Saturday, May 17, 2008
Who are you, who who, who, who…?
The Embryology Bill is to be placed before the House of Commons this week. It is full of the most intractable issues but the one Iâ€™d like to ponder on here is the use of animal and human mixed gene experimentation. Being somewhat older in the tooth (but feeling every day younger in the brain), my mind becomes a surrealist’s delight of juxtaposed images culled from all my years of swimming in the black lagoon of culture as I think of this. Looking back there was Beauty and the Beast, the American import horror comics that I bought from my basin-cutting barber in his garden shed in County Durham, bug-eyed monsters in science fantasy magazines, films that preceded and then included the Alien trilogy, Mary Shelley, Franz Kafka and, more recently, the whole zombie-plague genre. (As a footnote to the last, I have, here in the womb of the Pyrenees, a satellite dish which brings in about a hundred free channels and there is a strange one called Open Access which is an unheralded and bizarre mix of poker, God and 1930s and 1940s long-forgotten films. Recently I was mesmerised by one called The Last Man on Earth, which was so badly acted youâ€™d have thought the neighbours had wandered in for a game of charades but the plot prefigured George Romero, Danny Boyle, Cronenberg et alâ€™s later oeuvres, in a remarkably satisfying way. It appealed both to my sense of myth and, at the same time, the sci fi nerd in me!). Meanwhile, leaving behind that digression, the Embryology Bill, I think, suggests that by terminating the mutations at 14 days, enough time will be allowed for scientists to test genetic fusions that may cure some of our worst and most heart-rending diseases.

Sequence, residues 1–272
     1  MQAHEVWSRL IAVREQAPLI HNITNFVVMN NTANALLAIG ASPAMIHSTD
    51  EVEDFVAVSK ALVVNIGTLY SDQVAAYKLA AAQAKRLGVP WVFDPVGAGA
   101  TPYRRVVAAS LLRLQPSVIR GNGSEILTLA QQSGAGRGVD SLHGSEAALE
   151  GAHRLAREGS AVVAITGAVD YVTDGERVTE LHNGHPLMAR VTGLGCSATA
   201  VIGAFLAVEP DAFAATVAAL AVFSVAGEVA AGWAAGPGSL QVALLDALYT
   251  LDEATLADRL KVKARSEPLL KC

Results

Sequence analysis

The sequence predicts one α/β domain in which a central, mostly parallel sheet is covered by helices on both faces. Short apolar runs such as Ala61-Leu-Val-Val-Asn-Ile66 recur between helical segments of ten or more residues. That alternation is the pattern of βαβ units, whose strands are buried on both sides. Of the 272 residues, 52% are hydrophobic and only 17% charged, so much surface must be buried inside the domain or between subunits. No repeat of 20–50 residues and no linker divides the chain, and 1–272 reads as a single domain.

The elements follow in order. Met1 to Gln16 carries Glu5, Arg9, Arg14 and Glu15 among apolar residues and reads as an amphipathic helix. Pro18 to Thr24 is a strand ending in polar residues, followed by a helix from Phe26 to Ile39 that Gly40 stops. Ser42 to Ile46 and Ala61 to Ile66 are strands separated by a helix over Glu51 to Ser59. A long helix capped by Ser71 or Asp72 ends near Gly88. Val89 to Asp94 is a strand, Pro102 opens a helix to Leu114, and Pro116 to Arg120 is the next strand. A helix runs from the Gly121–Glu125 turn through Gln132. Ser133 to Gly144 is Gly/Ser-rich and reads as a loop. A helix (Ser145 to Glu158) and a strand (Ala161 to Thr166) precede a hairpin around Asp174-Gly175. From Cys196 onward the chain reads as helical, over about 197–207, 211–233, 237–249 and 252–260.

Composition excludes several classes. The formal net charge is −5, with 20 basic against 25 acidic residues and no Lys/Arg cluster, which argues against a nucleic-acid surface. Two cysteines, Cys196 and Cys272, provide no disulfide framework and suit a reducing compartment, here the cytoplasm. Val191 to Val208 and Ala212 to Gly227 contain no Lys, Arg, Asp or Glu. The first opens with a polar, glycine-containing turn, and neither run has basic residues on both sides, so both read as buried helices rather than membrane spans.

Probably, like most people other than fundamentalists who believe God created everything, except our free will to play God (oops, another digression â€“ I was amazed to read that the Popeâ€™s Outer Space Spokesman is gestating the idea that God created aliens, too) I am somewhat distanced from any sense of emotion in this part of the embryology debate. We seem to be at a time in our evolution, as I have discussed before, where the species is beginning to refashion itself to meet the exigencies and calamities it and the universe have in store for it. Just as wheat is being genetically modified to handle the worst droughts or diseases, so the human species is modifying itself to handle the worst scenarios that face it, internally and externally, both on our current planet or in readiness for those to which we may have to migrate. One can see that a composite life form, a â€˜Terrabeingâ€™ may eventually emerge which is an offspring of everything that lives and breathes in the world today. And it is this extraordinary hybrid mutant that will colonise the near universe.
Imagine a world where there can be no racism, no sexism, no fundamentalism â€“ in fact no isms or consequent wars – because we have all metamorphosed into Oneness!
The One will have inherited the earth!